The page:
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Sweeney Todd: The Demon Barber of Fleet Street

  • Theater, Musicals
  • Lunt-Fontanne Theatre, Midtown West
  • Open run
  • 4 out of 5 stars
  • Recommended
Annaleigh Ashford and Josh Groban in the 2023 Broadway production of SWEENEY TODD
Photograph: Courtesy Matthew Murphy and Evan ZimmermanSweeney Todd

Time Out says

4 out of 5 stars

Josh Groban and Annaleigh Ashford star in a killer revival.

Broadway review by Adam Feldman 

[Note: Aaron Tveit and Sutton Foster take over the lead roles starting February 9, 2024.]

Ladies and gentlemen, dinner is served. Stephen Sondheim and Hugh Wheeler’s 1979 Sweeney Todd may well be the greatest of all Broadway musicals: an epic combination of disparate ingredients—horror and humor, cynicism and sentiment, melodrama and sophisticated wit—with a central core of grounded, meaty humanity. But while the show’s quality is baked into the writing, portion sizes in recent years have varied. Sweeney Todd’s scope makes it expensive to stage; its 1989 and 2005 Broadway revivals (and the immersive 2017 Off Broadway incarnation) presented the show with greatly reduced casts and orchestrations. Not so for the thrilling version now playing at the Lunt-Fontanne Theatre, directed by Hamilton’s Thomas Kail: This production features a 26-piece orchestra and a cast of 25 led by Josh Groban and Annaleigh Ashford. It’s a feast for the ears. 

Groban plays the title role: a Victorian barber, né Benjamin Barker, who returns to London after serving 15 years of hard labor for a crime he didn’t commit, hoping to reunite with his beloved wife, Lucy, and their young daughter, Johanna. But as he learns from his practical neighbor Mrs. Lovett (Ashford)—who operates the squalid meat-pie shop below his old tonsorial parlor—Lucy poisoned herself after being assaulted by the same lecherous judge (Jamie Jackson) who sent him away, who is now the guardian of the teenage Johanna (Maria Bilbao). With help from Mrs. Lovett and his friend Anthony (Jordan Fisher), who has fallen for Johanna from afar, he plots vengeance on the judge—and, meanwhile, becomes a throat-slashing serial killer whose victims’ bodies are put to savory use in Mrs. Lovett’s bakery. 

Cast against nice-guy type, Groban never quite achieves the coiled menace that could make his character actually scary (a razor-wielding madman should have a bit more edge), but he affectingly conveys the sense of a once-good man hollowed out by grief, and he sings with glorious clarity, range and finesse. And Ashford’s performance is a triumph: with breathtaking originality, she mixes fresh comic personality—madcap, sly, performative, libidinous—with howlingly funny physical business, including a priceless bit on a staircase. Yet there are moments of real tenderness to her Lovett as well, especially in her quasi-maternal relationship with her dim but devoted assistant, Toby (Stranger Things’s Gaten Matarazzo, in a touching turn).

Sweeney Todd | Photograph: Courtesy Matthew Murphy and Evan Zimmerman

The balance of power between the two leads shifts Kail’s production in the direction of dark comedy, with especially able assistance in that department from Nicholas Chistopher as the florid pseudo-Italian mountebank Pirelli. Ruthie Ann Miles brings poignant emotional variety to her role as a lewd beggar woman who suspects malfeasance at Mrs. Lovett’s shop, and Jackson and Bilbao act as well as they sing, which is impressive in both cases. (Only Fisher’s vacant sailor Anthony misses the boat.) I was not always sold on the synchronized movement that choreographer Steven Hoggett has devised for the ensemble, but it has the advantage of keeping the show kinetic even during its recurring sequences of chorus narration.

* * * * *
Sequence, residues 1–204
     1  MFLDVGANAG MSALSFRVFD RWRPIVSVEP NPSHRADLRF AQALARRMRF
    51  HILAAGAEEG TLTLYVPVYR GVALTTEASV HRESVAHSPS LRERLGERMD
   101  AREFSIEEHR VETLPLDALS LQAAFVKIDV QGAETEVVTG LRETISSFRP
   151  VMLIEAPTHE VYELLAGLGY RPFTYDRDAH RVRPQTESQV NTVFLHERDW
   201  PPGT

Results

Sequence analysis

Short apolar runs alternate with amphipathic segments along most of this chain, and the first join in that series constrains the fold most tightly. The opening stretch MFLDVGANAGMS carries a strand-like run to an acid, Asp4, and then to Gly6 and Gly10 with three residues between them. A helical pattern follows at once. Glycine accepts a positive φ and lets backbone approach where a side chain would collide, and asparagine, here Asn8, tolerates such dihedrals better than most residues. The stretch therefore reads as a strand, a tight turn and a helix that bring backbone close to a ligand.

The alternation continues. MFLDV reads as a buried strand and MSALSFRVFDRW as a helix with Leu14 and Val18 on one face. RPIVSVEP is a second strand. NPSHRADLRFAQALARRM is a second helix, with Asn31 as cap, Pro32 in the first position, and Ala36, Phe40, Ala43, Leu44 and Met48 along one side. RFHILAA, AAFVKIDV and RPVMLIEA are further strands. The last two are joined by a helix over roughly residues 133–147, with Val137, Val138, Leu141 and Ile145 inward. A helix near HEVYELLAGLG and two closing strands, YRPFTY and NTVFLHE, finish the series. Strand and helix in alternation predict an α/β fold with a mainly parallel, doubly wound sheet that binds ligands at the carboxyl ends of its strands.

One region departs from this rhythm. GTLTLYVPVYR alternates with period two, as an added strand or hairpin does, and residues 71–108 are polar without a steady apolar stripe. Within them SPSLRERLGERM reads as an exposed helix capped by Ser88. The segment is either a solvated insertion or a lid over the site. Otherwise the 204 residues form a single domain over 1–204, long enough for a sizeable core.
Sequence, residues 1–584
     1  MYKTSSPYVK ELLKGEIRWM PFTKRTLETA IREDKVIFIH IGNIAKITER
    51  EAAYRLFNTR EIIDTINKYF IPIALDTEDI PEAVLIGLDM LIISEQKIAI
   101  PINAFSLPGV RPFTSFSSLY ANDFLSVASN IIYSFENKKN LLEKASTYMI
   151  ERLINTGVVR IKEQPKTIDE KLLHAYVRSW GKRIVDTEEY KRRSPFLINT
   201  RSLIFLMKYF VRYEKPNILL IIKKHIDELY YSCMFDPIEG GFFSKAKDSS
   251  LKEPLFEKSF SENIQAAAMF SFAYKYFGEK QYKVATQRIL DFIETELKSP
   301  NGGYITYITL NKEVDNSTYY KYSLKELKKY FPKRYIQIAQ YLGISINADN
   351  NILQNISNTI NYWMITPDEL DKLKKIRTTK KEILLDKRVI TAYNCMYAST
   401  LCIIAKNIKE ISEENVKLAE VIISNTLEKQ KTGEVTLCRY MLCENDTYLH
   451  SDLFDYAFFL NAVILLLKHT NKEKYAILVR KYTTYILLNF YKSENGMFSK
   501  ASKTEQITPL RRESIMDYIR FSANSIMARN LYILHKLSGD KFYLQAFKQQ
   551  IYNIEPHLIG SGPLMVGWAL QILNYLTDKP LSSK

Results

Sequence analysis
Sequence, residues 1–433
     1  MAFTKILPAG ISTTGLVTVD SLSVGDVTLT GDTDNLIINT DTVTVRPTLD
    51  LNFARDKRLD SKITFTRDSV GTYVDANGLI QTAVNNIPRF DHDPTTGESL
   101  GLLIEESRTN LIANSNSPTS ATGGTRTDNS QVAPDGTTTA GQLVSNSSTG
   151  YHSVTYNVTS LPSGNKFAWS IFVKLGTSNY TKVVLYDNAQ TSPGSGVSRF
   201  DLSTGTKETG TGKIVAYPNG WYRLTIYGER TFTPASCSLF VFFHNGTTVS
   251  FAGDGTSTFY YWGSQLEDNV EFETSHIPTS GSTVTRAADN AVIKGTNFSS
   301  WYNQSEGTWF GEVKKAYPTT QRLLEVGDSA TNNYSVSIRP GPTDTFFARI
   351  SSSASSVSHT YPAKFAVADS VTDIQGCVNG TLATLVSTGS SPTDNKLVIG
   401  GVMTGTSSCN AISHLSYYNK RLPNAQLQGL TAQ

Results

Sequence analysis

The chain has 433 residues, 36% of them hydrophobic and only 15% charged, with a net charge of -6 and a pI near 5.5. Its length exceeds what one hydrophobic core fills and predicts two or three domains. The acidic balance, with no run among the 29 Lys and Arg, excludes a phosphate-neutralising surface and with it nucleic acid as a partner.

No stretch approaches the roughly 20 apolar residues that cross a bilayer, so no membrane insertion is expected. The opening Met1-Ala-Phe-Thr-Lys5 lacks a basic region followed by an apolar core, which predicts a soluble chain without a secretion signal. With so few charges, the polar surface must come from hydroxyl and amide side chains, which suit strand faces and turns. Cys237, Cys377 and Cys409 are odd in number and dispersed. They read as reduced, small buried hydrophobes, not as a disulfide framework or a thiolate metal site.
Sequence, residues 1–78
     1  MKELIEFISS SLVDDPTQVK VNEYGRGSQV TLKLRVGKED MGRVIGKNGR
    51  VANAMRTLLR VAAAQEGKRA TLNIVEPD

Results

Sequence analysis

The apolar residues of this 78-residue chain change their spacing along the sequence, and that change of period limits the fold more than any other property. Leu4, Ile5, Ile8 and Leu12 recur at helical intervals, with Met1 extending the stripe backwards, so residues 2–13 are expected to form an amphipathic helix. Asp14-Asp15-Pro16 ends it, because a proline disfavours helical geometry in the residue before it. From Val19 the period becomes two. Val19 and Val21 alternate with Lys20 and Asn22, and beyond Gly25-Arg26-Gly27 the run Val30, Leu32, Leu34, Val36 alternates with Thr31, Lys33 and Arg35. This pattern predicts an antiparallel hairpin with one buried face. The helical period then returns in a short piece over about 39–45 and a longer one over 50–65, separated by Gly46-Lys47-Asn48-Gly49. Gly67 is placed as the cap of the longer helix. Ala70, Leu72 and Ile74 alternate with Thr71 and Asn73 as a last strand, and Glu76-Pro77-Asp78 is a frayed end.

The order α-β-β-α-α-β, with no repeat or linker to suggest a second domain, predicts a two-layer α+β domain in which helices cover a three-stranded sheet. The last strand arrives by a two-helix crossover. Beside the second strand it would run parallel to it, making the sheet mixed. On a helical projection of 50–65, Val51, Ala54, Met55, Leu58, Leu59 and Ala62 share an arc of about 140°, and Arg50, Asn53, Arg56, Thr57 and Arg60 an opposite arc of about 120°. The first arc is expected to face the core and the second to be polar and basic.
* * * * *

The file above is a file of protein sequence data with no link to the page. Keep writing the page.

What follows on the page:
The storytelling is always clear, as was not the case with the smaller recent revivals, even though the size of this Sweeney’s company seems to have left little room in the budget for production design; Mimi Lien’s bilevel set—with its minimal furnishing, multipurpose rotating tower and amorphous gray background—is efficient but does little to evoke 19th-century London. (Emilio Sosa’s costumes do help establish it, and Natasha Katz’s lighting is first-rate.) You won’t leave humming the scenery, but that’s fine: The superb score, which melds period genres (operetta, music hall) with modern influences (notably that of Hitchcock composer Bernard Herrmann), is the main attraction, and it comes through gorgeously. Powerfully sung and played in Jonathan Tunick’s original orchestrations, Sondheim’s Grand Guignol masterwork sounds as grand here as it deserves to. Dig in.

Sweeney Todd. Lunt-Fontanne Theatre (Broadway). Music and lyrics by Stephen Sondheim. Book by Hugh Wheeler. Directed by Thomas Kail. With Josh Groban, Annaleigh Ashford, Jordan Fisher, Gaten Matarazzo, Maria Bilbao, Ruthie Ann Miles, Jamie Jackson, John Rapson, Nicholas Christopher. Running time: 2hrs 50mins. One intermission.

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Sweeney Todd | Photograph: Courtesy Matthew Murphy and Evan Zimmerman

Adam Feldman
Written by
Adam Feldman


Lunt-Fontanne Theatre
205 W 46th St
New York
Cross street:
between Broadway and Eighth Ave
Subway: A, C, E to 42nd St–Port Authority; N, Q, R to 42nd St S, 1, 2, 3, 7 to 42nd St–Times Sq

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